Galton was one of the first experimental psychologists, and the founder of the field of enquiry now called Differential Psychology, which concerns itself with psychological differences between people, rather than on common traits. He started virtually from scratch, and had to invent the major tools he required, right down to the statistical methods - correlation and regression - which he later developed. These are now the nuts-and-bolts of the empirical human sciences, but were unknown in his time. One of the principal obstacles he had to overcome was the treatment of differences on measures as measurement error, rather than as natural variability.
His influential study Hereditary Genius (1869) was the first systematic attempt to investigate the effect of heredity on intellectual abilities, and was notable for its use of the bell-shaped Normal Distribution, then called the "Law of Errors", to describe differences in intellectual ability, and its use of pedigree analysis to determine hereditary effects.
Later Galton went on to suggest the use of twin studies to disentangle nature from nurture, by comparing identical twins to fraternal twins. The research program that Galton initiated in this regard has developed into the important field of behaviour genetics.
Galton later broadened his study of human traits into general anthropometry, or "measurement of man", trying to find as many measurable traits as possible, so that their distribution and heritability could be determined.
His psychological studies also embraced mental differences in visualization, and he was the first to identify and study "number forms", now called "synaesthesia". He also invented the word-association test, and investigated the operations of the sub-conscious mind. His work in this area was collected into a wide-ranging volume called Inquiries into Human Faculty, which must be read today with Galton's broader research program in mind: to identify and measure variable human traits.
Inheritance of ability
|Facsimile||Paper||1865||'Hereditary talent and character.'||Macmillan's Magazine 12 : 157-66, 318-27|
|Facsimile||Letter||1868||'Hereditary genius.' [Letter]||Notes and Queries on China and Japan 2 (1, January)|
|Facsimile||Paper||1869||Hereditary Genius: the Judges of England between 1660 and 1865.||Macmillan's Magazine : 424-431|
|Facsimile||Paper||1871||Gregariousness in cattle and in men.||Macmillan's Magazine 23 : 353-57|
|Paper||1877||'La psychophysique'||La Revue Scientifique 13 : 494-8|
|Facsimile||Paper||1880||'Mental imagery'||Fortnightly Review 28 : 312-24|
|Facsimile||Paper||1880||'Visualised numerals.'||Nature 21 : 252-6, 494-5|
|Facsimile||Letter||1880||'Visualised numerals.' [Letter]||Nature 21 : 323|
|Facsimile||Paper||1881||'The visions of sane persons.'||Fortnightly Review 29 : 729-40|
|Facsimile||Paper||1881||'Visualised numerals.'||Journal of the Anthropological Institute 10 : 85-102|
|Facsimile||Paper||1881||'The visions of sane persons.' [with slight variations]||Proceedings of the Royal Institution 9 (May 13) : 644-55|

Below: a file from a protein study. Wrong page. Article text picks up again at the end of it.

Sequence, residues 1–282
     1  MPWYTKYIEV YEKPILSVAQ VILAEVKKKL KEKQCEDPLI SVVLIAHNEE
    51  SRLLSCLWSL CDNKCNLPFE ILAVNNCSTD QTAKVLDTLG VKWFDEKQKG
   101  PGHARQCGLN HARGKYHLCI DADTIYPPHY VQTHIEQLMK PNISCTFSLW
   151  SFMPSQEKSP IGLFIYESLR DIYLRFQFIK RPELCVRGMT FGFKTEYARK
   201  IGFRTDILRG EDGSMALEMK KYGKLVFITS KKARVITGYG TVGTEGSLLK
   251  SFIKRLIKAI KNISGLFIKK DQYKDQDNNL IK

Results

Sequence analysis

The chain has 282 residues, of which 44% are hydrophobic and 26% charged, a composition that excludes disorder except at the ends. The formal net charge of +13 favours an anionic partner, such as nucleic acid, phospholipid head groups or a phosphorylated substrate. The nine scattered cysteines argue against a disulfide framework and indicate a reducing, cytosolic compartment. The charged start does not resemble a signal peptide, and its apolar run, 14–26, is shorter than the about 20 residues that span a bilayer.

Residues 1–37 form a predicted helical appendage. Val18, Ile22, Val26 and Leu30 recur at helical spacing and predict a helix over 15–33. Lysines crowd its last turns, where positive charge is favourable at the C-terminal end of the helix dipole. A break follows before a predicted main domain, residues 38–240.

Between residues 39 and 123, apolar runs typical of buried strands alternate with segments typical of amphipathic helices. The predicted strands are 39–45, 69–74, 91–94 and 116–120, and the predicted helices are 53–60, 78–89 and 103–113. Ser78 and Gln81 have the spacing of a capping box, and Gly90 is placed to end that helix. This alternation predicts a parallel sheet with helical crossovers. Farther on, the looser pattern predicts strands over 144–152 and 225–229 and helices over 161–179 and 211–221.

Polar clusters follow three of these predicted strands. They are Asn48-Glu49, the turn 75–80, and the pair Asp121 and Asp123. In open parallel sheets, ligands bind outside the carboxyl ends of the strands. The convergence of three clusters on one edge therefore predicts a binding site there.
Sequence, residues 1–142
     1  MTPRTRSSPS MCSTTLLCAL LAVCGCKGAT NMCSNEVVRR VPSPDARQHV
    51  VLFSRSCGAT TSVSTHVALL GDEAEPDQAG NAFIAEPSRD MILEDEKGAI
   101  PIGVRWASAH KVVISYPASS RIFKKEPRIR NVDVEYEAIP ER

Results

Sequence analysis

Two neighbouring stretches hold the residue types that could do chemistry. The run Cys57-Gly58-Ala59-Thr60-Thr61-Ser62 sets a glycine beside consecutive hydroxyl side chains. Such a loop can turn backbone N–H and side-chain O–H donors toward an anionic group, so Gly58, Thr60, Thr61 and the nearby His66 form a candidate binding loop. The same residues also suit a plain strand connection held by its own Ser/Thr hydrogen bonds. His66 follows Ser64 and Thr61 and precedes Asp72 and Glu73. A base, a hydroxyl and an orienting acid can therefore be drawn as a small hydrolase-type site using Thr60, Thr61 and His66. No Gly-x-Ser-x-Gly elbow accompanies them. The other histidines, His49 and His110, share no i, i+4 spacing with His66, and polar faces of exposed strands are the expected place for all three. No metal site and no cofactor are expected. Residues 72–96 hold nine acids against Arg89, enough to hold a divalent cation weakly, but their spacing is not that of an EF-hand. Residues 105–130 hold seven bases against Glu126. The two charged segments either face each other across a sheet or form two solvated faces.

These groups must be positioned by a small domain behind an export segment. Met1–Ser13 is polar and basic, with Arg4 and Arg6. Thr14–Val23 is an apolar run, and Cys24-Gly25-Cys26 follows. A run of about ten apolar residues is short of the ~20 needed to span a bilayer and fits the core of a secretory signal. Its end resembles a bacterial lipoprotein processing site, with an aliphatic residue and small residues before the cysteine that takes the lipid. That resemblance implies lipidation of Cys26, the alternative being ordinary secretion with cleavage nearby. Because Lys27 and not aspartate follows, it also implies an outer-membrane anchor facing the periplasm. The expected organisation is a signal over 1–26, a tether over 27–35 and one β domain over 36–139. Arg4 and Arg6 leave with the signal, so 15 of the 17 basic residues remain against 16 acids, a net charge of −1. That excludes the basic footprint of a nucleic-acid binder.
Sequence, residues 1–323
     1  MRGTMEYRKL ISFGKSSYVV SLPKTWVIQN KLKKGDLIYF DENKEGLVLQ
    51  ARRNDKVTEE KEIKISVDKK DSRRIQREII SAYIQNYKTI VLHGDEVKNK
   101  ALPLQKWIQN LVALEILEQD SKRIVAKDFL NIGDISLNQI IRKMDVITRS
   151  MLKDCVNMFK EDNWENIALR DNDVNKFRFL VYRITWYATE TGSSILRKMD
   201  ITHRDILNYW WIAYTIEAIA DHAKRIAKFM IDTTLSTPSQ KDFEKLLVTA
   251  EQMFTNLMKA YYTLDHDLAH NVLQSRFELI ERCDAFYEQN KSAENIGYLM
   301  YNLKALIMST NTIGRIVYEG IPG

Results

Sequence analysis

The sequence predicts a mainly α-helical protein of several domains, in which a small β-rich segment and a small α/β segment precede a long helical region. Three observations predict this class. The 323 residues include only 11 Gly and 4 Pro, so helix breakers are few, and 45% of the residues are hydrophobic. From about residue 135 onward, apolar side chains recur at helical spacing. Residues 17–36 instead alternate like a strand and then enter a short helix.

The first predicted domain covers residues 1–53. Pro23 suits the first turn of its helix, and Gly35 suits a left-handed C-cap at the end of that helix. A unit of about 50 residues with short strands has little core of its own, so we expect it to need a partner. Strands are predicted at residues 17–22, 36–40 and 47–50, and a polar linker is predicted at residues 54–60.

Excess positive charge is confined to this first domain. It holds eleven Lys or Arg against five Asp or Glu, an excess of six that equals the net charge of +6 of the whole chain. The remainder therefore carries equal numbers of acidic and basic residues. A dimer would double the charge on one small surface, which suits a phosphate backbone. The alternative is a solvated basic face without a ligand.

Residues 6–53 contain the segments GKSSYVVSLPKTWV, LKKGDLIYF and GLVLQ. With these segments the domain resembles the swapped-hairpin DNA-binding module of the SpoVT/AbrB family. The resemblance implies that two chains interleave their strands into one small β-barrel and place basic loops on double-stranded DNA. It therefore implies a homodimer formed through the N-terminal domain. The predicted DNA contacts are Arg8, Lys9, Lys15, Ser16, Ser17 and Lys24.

|Facsimile||Paper||1884||'Free-will-observations and inferences.'||Mind 9 : 406-13|
|Facsimile||Paper||1886||Supplementary notes on "Prehension in idiots".||Mind 12 : 79-82|
|Facsimile||Letter||1887||'Thoughts without words.' [Letters]||Nature 36 : 28-9, 100-1|
|Facsimile||Letter||1887||Thoughts without Words [Letters]||Open Court 1 : 441-4, 472-4, 498-50|
|Facsimile||Paper||1891||[Discussion on 'An apparent paradox in mental evolution', Lady Welby]||Journal of the Anthropological Institute 20 : 304-23|
|Facsimile||Review||1894||'Psychology of mental arithmeticians and blindfold chess-players.' [Review of Psychologic des Grands Calculateurs et Joueurs d'Echecs, Alfred Binet]||Nature 51 : 73-4|
|Facsimile||Paper||1894||'Arithmetic by smell.'||Psychological Review 1 : 61-2|
|Facsimile||Review||1895||'Personality,' [Review of The Diseases of Personality, Th. Ribot]||Nature 52 : 517-8|
|Facsimile||Paper||1896||'A curious idiosyncrasy.'||Nature 54 : 76|
|Facsimile||Review||1898||'Evolution of the moral instinct.' [Review of The Origin and Growth of the Moral Instinct, Alexander Sutherland] (Signed F.G.).||Nature 58 : 241-2|
|Facsimile||Paper||1879||'Psychometric experiments.'||Brain 2 : 149-62|
|Facsimile||Paper||1879||'Psychometric facts.'||Nineteenth Century (March) : 425-33|
|Facsimile||Paper||1880||'Statistics of mental imagery.'||Mind 5 : 301-18|
|Facsimile||Paper||1884||'Measurement of character.'||Fortnightly Review 36 : 179-85|
|Facsimile||Report||1884||The Measurement of Human Faculty' (Rede Lecture)||Nature 31|
|Facsimile||Paper||1889||'An instrument for measuring reaction time.'||Report of the British Association for the Advancement of Science 59 : 784-5|
|Facsimile||Paper||1890||'Exhibition of instruments (1) for testing the perception of differences of tint, and (2) for determining reaction-time.'||Journal of the Anthropological Institute 19 : 27-9|
|Facsimile||Paper||1890||[Remarks following 'Mental tests and measurements', J. McK. Cattell]||Mind 15 : 380-1|
|Facsimile||Paper||1893||'Measure of the imagination.'||Nature 47 : 319-21|
|Facsimile||Paper||1893||'The just-perceptible difference.'||Proceedings of the Royal Institution 14 : 13-26|